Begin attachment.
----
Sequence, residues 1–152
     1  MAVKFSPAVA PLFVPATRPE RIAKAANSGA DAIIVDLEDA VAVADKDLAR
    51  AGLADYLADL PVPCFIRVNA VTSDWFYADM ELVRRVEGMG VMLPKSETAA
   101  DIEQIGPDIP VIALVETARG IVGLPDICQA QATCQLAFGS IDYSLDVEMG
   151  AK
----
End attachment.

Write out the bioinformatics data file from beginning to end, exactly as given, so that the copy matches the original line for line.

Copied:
Sequence, residues 1–152
     1  MAVKFSPAVA PLFVPATRPE RIAKAANSGA DAIIVDLEDA VAVADKDLAR
    51  AGLADYLADL PVPCFIRVNA VTSDWFYADM ELVRRVEGMG VMLPKSETAA
   101  DIEQIGPDIP VIALVETARG IVGLPDICQA QATCQLAFGS IDYSLDVEMG
   151  AK